Turff Club

Behind me, miles and minutes, is a coast line with bodies crowded around a fire. Laughter and wind tangling sand in to hair and the cuffs of jeans. Hoods pulled up, sunset still touching the horizon despite the late hour.

My car jostles on the road—she’s over 100K and needs a checkup but I keep forgetting. I love her but I am inattentive to mechanical details. We shudder past warehouses, the water to our left, Seattle a glittering cluster of sky scrapers and cranes. A light flips to red and as I slow down I see the sign for indoor soccer plastered on a warehouse.

And I’m back there, following a hand drawn map between semis and warehouses, the road gravel in my memory, though it may have been merely pot holed and rutted. I find the right warehouse and park, uncertain but drawn to the light inside. I know some faces but at this point, over a decade later, I can’t tell you a single name. Just the bleachers, the astroturf, a soccer ball and the bodies careening after it, so quickly it’s difficult to follow. There is anger and shoulders and arms gesturing—shoving that almost becomes a full out fight but pulls back just shy of a punch.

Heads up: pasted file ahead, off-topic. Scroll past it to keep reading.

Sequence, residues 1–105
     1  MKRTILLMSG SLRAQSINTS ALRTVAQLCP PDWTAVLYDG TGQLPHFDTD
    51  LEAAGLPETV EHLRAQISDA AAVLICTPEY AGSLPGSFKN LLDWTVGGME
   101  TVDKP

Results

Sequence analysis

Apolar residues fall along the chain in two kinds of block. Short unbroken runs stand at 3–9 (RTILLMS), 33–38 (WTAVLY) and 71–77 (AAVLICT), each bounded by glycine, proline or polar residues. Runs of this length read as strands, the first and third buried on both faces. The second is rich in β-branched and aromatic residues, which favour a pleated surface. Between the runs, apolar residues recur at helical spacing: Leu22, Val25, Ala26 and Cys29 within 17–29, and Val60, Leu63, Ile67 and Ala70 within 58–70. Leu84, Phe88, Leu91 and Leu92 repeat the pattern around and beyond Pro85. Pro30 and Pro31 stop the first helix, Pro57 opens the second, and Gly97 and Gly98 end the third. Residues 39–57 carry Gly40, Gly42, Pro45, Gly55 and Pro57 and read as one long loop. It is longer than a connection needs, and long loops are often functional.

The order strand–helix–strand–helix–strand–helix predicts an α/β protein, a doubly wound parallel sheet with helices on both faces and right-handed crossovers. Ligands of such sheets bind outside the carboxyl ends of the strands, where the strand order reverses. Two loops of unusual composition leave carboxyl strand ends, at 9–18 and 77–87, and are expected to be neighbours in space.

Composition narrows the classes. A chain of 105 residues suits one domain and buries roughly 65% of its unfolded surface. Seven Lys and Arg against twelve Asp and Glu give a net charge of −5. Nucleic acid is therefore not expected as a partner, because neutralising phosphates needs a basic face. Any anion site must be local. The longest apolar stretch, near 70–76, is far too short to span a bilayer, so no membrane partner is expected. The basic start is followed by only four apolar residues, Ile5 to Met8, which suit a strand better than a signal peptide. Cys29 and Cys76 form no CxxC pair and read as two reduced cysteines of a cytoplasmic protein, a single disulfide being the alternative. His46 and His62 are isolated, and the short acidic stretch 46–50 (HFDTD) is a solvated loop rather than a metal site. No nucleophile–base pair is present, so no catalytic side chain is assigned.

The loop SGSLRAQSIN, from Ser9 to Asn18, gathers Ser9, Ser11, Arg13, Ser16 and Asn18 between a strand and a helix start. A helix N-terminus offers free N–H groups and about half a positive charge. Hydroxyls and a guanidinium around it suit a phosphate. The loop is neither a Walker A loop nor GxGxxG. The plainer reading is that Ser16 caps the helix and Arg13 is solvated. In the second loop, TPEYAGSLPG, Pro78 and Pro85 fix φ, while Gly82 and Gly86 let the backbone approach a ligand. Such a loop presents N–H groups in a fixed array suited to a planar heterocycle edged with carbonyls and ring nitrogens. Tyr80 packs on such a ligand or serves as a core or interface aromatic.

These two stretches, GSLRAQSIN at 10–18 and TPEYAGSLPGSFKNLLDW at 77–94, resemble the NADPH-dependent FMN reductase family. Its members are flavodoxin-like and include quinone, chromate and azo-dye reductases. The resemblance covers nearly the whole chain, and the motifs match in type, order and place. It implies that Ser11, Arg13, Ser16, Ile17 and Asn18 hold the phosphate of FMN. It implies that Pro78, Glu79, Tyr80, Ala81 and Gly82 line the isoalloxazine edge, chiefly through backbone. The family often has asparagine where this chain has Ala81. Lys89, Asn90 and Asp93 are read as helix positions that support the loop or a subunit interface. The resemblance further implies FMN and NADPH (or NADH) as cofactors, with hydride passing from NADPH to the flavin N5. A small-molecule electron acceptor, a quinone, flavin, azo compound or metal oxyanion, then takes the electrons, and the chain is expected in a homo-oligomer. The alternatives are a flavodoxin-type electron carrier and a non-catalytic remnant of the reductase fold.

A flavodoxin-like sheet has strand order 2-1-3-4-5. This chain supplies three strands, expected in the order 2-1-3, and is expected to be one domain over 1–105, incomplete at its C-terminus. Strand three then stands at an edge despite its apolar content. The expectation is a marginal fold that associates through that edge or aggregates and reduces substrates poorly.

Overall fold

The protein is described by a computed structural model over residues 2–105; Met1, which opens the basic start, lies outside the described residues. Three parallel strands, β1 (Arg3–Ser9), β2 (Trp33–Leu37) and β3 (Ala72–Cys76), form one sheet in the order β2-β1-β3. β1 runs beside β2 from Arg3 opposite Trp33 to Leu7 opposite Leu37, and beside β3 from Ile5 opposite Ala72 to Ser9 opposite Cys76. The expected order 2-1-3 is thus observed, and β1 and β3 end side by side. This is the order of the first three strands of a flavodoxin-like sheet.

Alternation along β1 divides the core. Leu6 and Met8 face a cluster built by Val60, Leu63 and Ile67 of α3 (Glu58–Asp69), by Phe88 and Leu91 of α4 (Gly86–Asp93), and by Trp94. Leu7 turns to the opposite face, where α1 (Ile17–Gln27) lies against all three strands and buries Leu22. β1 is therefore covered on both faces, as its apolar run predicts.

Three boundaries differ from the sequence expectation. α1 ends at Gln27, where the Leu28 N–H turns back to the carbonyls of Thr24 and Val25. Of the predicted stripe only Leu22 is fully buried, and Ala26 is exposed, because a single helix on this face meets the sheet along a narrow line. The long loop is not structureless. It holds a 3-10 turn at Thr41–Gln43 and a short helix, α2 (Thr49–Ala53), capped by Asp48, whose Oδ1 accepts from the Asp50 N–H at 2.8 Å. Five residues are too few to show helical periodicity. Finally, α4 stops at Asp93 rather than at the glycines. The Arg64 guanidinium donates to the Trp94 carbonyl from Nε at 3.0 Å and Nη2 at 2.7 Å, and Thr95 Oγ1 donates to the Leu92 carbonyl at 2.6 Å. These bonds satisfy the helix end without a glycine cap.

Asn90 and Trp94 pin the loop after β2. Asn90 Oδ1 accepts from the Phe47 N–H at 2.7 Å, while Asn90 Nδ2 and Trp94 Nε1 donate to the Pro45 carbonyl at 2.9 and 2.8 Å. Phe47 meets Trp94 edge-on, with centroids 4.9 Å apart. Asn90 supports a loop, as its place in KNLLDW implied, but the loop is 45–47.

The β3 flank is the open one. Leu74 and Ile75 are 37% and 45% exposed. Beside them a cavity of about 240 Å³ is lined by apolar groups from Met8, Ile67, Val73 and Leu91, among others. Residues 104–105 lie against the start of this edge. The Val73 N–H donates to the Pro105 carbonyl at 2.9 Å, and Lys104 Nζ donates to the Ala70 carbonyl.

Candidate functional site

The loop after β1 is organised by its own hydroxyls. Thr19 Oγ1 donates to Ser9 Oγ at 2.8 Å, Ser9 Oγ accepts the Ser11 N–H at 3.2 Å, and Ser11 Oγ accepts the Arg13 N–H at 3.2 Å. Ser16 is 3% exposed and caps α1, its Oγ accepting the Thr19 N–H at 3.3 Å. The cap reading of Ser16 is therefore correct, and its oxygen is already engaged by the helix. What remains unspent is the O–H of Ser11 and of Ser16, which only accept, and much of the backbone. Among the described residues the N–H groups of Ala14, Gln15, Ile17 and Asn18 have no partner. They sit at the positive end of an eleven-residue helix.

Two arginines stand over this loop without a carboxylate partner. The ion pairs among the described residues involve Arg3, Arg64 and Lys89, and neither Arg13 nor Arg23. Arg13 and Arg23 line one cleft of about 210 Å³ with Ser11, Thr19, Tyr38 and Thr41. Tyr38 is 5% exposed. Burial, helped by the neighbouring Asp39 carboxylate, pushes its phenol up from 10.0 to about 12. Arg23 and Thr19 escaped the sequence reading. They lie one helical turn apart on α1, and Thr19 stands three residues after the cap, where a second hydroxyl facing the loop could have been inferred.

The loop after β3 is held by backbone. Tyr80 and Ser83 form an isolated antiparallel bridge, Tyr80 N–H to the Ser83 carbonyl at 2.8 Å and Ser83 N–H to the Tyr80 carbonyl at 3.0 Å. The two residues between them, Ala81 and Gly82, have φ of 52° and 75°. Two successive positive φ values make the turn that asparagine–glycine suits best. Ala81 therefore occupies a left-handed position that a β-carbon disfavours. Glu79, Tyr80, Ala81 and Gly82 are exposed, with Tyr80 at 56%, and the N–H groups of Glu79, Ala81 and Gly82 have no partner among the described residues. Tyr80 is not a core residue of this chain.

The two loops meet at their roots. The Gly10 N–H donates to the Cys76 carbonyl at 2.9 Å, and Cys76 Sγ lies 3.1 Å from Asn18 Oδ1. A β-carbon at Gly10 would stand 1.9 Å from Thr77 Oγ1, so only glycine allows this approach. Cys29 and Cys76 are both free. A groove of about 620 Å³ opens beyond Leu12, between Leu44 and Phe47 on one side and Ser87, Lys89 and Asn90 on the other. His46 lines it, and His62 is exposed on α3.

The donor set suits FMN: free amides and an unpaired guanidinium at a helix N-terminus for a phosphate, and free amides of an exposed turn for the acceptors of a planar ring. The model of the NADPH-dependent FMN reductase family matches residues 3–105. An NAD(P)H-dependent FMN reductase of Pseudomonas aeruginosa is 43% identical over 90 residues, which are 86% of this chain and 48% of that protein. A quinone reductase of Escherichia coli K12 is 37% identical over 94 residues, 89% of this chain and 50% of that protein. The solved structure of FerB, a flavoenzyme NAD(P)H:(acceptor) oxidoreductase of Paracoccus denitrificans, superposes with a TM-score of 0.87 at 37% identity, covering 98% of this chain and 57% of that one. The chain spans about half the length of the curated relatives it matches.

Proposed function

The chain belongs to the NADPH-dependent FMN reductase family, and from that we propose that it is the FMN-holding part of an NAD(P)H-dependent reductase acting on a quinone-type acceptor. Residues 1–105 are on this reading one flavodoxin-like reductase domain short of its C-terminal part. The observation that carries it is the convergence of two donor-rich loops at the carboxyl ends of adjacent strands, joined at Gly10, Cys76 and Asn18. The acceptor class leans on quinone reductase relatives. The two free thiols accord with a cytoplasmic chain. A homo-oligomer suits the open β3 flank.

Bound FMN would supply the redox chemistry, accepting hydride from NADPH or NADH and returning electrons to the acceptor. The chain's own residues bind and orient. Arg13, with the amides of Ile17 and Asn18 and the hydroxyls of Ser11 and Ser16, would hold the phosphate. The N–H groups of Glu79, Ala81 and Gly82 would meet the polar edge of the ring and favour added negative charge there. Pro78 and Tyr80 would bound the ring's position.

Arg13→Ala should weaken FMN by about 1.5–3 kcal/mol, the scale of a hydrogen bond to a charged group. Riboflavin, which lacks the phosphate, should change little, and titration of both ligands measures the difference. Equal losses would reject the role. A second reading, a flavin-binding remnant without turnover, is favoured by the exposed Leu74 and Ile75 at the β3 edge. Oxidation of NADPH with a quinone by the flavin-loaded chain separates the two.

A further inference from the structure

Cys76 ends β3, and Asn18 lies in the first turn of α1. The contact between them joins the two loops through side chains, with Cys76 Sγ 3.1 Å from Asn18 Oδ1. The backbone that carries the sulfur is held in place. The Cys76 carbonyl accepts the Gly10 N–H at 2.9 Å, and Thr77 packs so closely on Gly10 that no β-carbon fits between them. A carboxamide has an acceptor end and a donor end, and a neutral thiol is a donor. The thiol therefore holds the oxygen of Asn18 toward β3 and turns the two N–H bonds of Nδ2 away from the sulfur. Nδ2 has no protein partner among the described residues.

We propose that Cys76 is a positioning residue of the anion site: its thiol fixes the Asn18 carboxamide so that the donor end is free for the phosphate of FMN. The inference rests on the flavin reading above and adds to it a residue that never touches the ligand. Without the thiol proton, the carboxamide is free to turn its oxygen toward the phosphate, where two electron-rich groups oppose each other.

And because I have a crush on him, I offer my friend a ride home. Or we’ve prearranged this—again, I can’t remember. My memory jumps from game to car—the way the windows immediately steamed up and how frustrated he was at how everyone played. And all I could think was – this moisture is the physical representation of what I just saw; that crazy energy, the bodies and shouting and cacophony of a game meant to be played outside confined by the walls and ceiling of a refurbished warehouse. How alive we are, in this moment. How that very aliveness is encapsulated. Everything somehow suspended and pushed against the glass until it has to become moisture gathering, beginning to drip.

I touch this memory so often that I’m sure it’s changed—by replaying memories we rewrite what we revisit. I have the map, folded in the leather jacket I wore that night, pink ballpoint pen starting to fade. And I could ask him—we are still friends, though closer now, more important to each other despite distance. We love each other in the way that old friends—talking every few months, emailing more frequently, sending care packages from coast to coast filled with random trinkets and hand written notes – love each other. Unconditionally but without romance. But I won’t ask him, because I like what I remember and we are all allowed our small delusions.

The light goes green and I move forward, following the edge of Elliot Bay towards home.


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